Among intermediate funds highly rated by Morningstar is Pimco Total Return (PTTAX), which yields more than 3%, charges 0.80% in expenses and is down about 17% this year. An exchange-traded fund option to consider is a Vanguard Intermediate-term Bond (BIV). It charges 0.04% in expenses, yields 4.9% and is down about 16%.
3. ‘Laddering’ variant
A more conservative, short-term strategy that might appeal to someone with cash but who is nervous about committing a lot to the bond market just yet could be buying short-term securities and, when they mature, reinvesting the proceeds at then-higher rates . It’s a variation on a strategy known as laddering—owning the same type of bond with maturities spaced over several years—and could work well as long as yields still look to be rising.
For example, using a brokerage or Treasurydirect.gov account, someone could buy eight-week Treasury bills—which yield about 4% —and continue to reinvest in those short maturities until it appears that rates have plateaued. The investor then could lock in yields for longer by shifting into two-, three- or five-year Treasury notes, where yields also are attractive. Such an approach could enable the investor to get a better return than from a savings account while waiting to see how events unfold.
The challenge is timing, says John Kerschner, a senior portfolio manager at Janus Henderson Investors. Even professionals can’t accurately forecast rates. Mr. Kerschner says inexperienced investors may be better off owning a floating-rate fund, whose yield automatically moves up or down with market rates. Other types of bond funds usually own securities with fixed coupons, which lose principal value when rates are moving upward.
4. Float higher as rates rise
Many floating-rate funds own bank loans made to companies with lower credit standing to enjoy higher rates. The funds’ yields edge upward as rates rise and now stand around 4% or more. But managers of some of these funds take more credit risk than others, says Morningstar’s Mr. Mulach, so fears of recession could hurt performance.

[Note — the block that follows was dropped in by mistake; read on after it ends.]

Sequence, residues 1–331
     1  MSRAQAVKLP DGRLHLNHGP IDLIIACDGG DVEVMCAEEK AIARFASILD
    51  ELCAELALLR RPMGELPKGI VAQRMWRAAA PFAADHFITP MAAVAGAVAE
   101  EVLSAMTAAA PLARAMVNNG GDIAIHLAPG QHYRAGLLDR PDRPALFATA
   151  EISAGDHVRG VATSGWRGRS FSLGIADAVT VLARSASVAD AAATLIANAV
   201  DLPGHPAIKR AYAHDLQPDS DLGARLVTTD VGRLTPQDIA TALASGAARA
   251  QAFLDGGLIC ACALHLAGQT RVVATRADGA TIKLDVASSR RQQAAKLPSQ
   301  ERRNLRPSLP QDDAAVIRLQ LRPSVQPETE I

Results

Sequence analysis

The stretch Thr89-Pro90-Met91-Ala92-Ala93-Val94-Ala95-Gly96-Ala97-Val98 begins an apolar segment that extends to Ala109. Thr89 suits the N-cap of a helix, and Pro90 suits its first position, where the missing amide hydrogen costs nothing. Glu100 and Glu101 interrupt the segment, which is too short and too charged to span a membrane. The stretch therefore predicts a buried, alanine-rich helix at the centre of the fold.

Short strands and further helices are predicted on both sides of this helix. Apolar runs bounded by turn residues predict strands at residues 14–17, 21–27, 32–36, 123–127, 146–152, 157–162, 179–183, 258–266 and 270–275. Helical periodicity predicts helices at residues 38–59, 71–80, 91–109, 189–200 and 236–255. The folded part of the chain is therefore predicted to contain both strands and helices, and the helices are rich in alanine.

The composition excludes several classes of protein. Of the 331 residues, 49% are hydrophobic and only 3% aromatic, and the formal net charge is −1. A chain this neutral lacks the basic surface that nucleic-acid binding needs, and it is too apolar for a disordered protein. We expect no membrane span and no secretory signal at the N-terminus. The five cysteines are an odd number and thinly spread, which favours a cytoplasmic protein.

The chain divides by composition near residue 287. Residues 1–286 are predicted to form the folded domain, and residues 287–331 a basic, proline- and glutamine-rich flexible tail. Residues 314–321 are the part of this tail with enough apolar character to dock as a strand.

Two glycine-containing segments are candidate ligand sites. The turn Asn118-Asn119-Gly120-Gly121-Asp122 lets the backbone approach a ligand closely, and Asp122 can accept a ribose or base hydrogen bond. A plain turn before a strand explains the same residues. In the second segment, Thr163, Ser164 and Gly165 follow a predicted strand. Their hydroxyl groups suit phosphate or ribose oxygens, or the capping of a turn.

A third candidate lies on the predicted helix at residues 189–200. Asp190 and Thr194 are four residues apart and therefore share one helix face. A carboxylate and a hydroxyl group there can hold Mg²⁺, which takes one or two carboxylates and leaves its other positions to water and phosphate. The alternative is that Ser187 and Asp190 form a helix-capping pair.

Fidelity Floating Rate High Income (FFRHX), yielding nearly 8%, is a more risk-averse option, according to Morningstar, which gives the fund a silver rating, its second highest. An investor also could choose a floating-rate fund that holds investment-grade securities, such as WisdomTree Floating Rate Treasury ETF (USFR), yielding around 3%.
Once rates pass a cyclical peak, floating-rate yields will slowly start to trend lower, says Mr. Elswick at Frost. He suggests trimming these types of holdings “once the Fed hits the pause button” on rate increases.
5. Limit both credit and rate risk
Funds that focus on the one- to three-year area of the investment-grade corporate debt market are worth considering, says Lawrence Gillum, fixed-income strategist at LPL Financial. While those also have gotten hurt this year, losses are smaller because they focus on less-rate-sensitive maturities. Performance likely will improve as their managers replace maturing securities with new ones issued at lower prices and higher yields, experts say.
Mr. Gillum prefers active managers, who he says can sit through the diverse market for the best opportunities. But such funds also come in a low-cost ETF format.
SPDR Portfolio Short Term Corporate Bond (SPSB) ETF—off about 5% this year—yields above 5% and charges just 0.04% in expenses. Short-term corporate bonds offer “pretty good compensation,” based on yields and their limited rate risk, says Matt Bartolini, head of SPDR Americas Research at State Street Global Advisors.
Mr. Pollock is a writer in Pennsylvania. He can be reached at email@example.com.